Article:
This is easier said than done of course because we live in a time, where the nature of projects we do and the type of applications we use requires a higher and higher degree of specialization. For this reason, it is very easy to lose sight of what is going on beyond one’s own nose.

It’s the reason why internal communication of the team is more important than ever. An important tool we have for this at Firstborn is our called “Group Therapy”, which we hold on a regular basis. We all meet up in our conference room and each time a different employee holds a one-hour presentation about a random topic of his or her choice.

The interns contribute to this as well and one of our latest presentations consisted of a variety of their recent school projects, ranging from product design to interactive flash pieces. It is the diversity of the team that makes these sessions so interesting, because the topics will vary a lot and always stay interesting.

Sometimes a developer simply explains the latest technologies in ”lay terms” to the less geeky half of the team, but then there are also presentations that psychologically analyze magical illusions for example.

And that’s the most interesting aspect about our Group Therapy; to see how sometimes things which might seem relatively unrelated to our daily work at first, can somehow be the most inspirational ones.

No place for divas

Sports teams that are simply built around one or two stars rarely will be successful in the long run. What happens if your superstar gets exhausted by having to play all the time, suffers from an injury, has to retire one day or leaves you for a better offer from a different team?

What if instead the players around the star begin to leave, because they feel unappreciated or the play style of the team that focuses on one player doesn’t allow them to play with their full potential?

The German soccer trainer Richard Girulatis once said: “If you want to win, you have to be 11 friends.” And whilst the German National Team was never really renowned for their superstars, they became one of the most successful teams in history through their team effort.

At Firstborn, we have some big names working for us. Mathieu Badimon (Five3D) and Zeh Fernando (Tweener) are two good examples, who have made a name for themselves in the Flash Community.

But the reason why we’re glad to have them is not only because of their huge reputation; it’s the fact that they are humble team players, who –instead of making other employees and interns feel smaller – will always take time to share their experience and skill. For our interns it’s like going to basketball camp with Michael Jordan.

And maybe it’s because of his extensive sports background that Firstborn’s owner Michael Ferdman works hard to keep the team spirit intact like that. Regular extracurricular activities like the gotoAndPlay()-tournament against Big Spaceship or the upcoming annual “Peter Lugers” Steak House visit strengthen the bond between the team members.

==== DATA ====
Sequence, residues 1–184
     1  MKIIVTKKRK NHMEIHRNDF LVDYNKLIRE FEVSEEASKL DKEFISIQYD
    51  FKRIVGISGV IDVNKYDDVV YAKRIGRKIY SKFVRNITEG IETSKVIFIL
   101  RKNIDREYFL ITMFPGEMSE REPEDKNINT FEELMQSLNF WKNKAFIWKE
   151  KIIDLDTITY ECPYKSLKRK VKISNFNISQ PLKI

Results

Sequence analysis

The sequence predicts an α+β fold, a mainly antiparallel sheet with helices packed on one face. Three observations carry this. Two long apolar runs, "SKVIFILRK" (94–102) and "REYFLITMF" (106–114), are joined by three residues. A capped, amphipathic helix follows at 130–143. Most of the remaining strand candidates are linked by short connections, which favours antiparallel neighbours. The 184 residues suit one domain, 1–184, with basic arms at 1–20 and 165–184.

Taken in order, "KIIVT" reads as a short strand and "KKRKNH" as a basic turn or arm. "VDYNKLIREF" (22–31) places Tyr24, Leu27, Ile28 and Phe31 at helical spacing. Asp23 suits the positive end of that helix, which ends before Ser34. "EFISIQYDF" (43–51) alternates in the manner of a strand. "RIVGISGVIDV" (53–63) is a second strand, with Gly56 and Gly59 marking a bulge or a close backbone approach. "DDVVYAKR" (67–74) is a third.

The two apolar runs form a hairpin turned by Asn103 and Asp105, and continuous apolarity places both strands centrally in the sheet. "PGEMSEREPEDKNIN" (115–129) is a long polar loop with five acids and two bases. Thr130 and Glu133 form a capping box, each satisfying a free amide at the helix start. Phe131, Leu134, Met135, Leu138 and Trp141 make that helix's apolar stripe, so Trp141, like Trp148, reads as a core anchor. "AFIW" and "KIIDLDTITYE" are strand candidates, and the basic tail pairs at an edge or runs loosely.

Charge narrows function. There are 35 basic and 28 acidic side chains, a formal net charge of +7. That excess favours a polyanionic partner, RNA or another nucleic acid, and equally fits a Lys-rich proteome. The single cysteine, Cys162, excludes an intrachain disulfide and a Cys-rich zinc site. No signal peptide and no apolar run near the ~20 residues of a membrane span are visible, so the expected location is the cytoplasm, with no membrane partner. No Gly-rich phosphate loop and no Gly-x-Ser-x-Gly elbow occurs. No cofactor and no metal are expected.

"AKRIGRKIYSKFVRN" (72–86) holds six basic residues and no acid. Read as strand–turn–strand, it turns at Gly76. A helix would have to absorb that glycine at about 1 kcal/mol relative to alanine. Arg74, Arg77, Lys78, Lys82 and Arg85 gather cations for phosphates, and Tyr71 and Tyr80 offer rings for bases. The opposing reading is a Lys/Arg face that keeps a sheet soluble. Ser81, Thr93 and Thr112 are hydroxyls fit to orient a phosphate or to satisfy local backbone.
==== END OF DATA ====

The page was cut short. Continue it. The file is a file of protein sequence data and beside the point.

The fact that the overall atmosphere resembles a family more than what you’d traditionally think of as a company is crucial for our workflow. If you’re under a lot of stress due to a tight deadline, people will know you well enough to give you the little bit of needed extra space and be a bit more forgiving and supportive than usual.

But more importantly; if interns come up with brilliant ideas, they can be sure that there won’t be any egos ignoring it to keep up some false feeling of superiority. And that is how neither the involved art director, nor the producer, nor the senior flash developer, but rather me, the young and inexperienced, but hard working intern back then managed to get two amazing front row tickets for a NY Knicks game as a reward for my work on a cool project.

After the internship

Many internship experiences of people I know ended up being terrible. Some have been the coffee maker of the company while others become nothing more but exploited slaves, who for six months end up doing the dirty production work no one else wants to do.

The perfect internship program though, is the one that was created with the thought in mind that every single intern could possibly be the next ingenious playmaker of the team. At Firstborn, senior employees spend a lot of time mentoring the interns, but it pays off in the long run, as the trainees grow stronger and become a true part of the family.

Many of them get hired after their internship here, with me being a good example. I started as an intern here and am now mentoring the new ones. We all know through our own professional experience that nothing is more rewarding than to see hard work pay off and it’s just the same for a company with their internship program.


About the author, Jens Fischer
Flash developer, Firstborn

Jens Fischer works as a Flash developer at firstborn in New York City. He is one of the mentors for the internship program and the host for Firstborn’s “Group Therapies”. Whenever he has a little bit of free time (read: never) he posts stuff on his blog (http://www.artofrawr.com).